I remember during the trip to O’ahu, we spent most of our time hanging around the usual tourist places in Honolulu. On the last day, thanks to a late flight, we drove around the island for some adventure. We came across some really good viewing spots on the North Shore of O’ahu for watching both surfing and sunset. There were some pretty handsome roosters too.
It’s vacation time and I dug out some paintings from previous Hawaiian trips.
I couldn’t remember if this was sunset or sunrise, or maybe it’s just a feeling or memory. One thing I hope this blog would achieve is better documentation of my efforts.
I’ve seen many people doodling and sketching with ballpoint pen before, but I never tried. I like the flow and the fineness of a micron or sharpie better. A ballpoint pen is just something you use for it’s conveniency and economy, right? How far can you push it as an art tool? Well, according to British artist James Mylne, this far:
Look at the range of values a single Bic Cristal could deliver!
No, I am not going to attempt that. I have neither the skill nor the patience. Mr. Mylne’s drawings average 60-100 hours per piece, with the longest 310 hours. While photorealism is probably always time-consuming regardless of the medium, ballpoint pen is extremely tricky because it’s a one way street. You can only go from light to dark, no erasing, no lifting, no painting over.
Still intrigued, I decided to at least give sketching with the Bic a try:
And here’s what I learned:
Compare to micron or sharpie, the touches are closer to those of using a graphite pencil. Especially in shading, with good control, you can go lighter than an ink pen, and build up a wider range of values.
Just like a micron or sharpie, since you can’t erase, it exposes all the weakness in your drawing. You need to be mindful about each mark throughout the working process. Scary, right? But also good learning opportunity. If there’s a unwanted mark, the only remedy is to work it into the drawing somehow. This is challenging, may not be possible sometimes, but lots of fun. A few missteps can lead to something unexpected:
Don’t forget to keep a tissue paper handy because you need to constantly remove the buildup at the tip.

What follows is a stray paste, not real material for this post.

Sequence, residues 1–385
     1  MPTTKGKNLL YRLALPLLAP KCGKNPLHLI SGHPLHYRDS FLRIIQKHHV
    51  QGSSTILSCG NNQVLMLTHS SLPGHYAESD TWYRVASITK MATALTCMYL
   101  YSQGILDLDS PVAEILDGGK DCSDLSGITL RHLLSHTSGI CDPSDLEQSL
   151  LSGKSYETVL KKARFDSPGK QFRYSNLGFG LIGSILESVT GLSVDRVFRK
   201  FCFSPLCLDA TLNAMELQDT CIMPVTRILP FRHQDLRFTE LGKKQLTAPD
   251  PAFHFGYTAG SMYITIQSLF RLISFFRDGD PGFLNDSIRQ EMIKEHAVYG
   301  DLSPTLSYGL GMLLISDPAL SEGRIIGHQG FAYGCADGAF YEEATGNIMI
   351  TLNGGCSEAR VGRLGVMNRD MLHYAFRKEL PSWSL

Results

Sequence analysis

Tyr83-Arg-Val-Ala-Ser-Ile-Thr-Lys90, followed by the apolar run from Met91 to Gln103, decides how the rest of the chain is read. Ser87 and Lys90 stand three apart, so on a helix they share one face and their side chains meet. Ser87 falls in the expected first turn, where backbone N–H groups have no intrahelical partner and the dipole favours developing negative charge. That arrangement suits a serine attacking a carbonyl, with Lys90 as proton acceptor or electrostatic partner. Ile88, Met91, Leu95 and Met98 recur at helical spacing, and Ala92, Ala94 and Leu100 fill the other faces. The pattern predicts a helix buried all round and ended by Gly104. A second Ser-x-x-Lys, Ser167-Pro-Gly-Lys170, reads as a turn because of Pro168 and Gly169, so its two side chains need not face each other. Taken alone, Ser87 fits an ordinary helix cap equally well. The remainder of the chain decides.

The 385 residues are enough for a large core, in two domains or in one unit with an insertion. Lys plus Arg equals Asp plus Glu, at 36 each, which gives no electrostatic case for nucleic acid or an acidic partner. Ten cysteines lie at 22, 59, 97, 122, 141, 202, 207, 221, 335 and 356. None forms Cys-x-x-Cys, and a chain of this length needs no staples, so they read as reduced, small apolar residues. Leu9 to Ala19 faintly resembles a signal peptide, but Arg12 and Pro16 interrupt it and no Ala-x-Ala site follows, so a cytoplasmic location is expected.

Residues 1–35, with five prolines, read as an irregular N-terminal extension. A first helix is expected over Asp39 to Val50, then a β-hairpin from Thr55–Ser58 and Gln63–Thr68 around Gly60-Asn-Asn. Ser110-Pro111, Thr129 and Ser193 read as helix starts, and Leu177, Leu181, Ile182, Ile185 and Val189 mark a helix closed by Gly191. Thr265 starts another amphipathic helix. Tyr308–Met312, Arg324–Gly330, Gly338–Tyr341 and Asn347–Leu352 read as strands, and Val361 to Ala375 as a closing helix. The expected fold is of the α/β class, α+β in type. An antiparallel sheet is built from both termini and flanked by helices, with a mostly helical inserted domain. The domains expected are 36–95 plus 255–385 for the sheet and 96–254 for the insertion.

By the way, do check out James Mylne’s gallery. It’s not just photorealism, but also a lot of humor.
I did some cleaning today and found a few old paintings. None of them was dated and my memory is just a blur. The only thing I could say is they were done around or before 2015. Lesson learned: date your artwork.
This one is after a photo I found online. Here’s the link, but I don’t know how to find the photographer’s information. (Google image search leads me to furniture stores and all sort of club chairs.) So, whoever took the beautiful photo, thank you. You can see back then I wasn’t able to go beyond the reference.
Now some flowers for the holidays:
Cézanne’s original is packed with details, there’s subtle changes of color and value on every plane of the house. The trees are built with expressive but economic strokes. I got lost among the leaves.
Paul Cézanne (1839–1906) is probably the most influential Post-Impressionist artist, and definitely the most inspiring for me. His colors are layered and strokes deliberate. It takes a lot more work than it seems. In this study I copied only a small section of the original painting.
I only recently came to know there’s such a thing called ink resist, and was pretty impressed by some of the artworks with this method. So I gave it a try. The result is a meh, but I l had fun and learned something.
So these are the steps I followed:
- pencil drawing;
- painting with gouache but leave some area blank; (some people leave only the pencil marks uncovered to achieve neat outlines)
- after the painting is completely dry, covered the whole page with sumi ink;
- again, wait till it’s completely dry, wash off the ink (I used the garden hose, no kidding.)
- and again, wait till it’s dry, and went back to fix here and there. (This step is optional, but I wasn’t that lucky.)
And here are the things I learned:
- Like drawing on black paper, this method is a bit counter-intuitive. The areas left blank in the first painting round will be the darkest after the wash. So planning ahead is important, which I didn’t do. In my painting, the blacks serve more like random texture than an organic part of the value pattern.
- The paint should be thick, to “resist” the ink and also because gouache is easy to wash off.
- This process asks for a lot of patience. 😜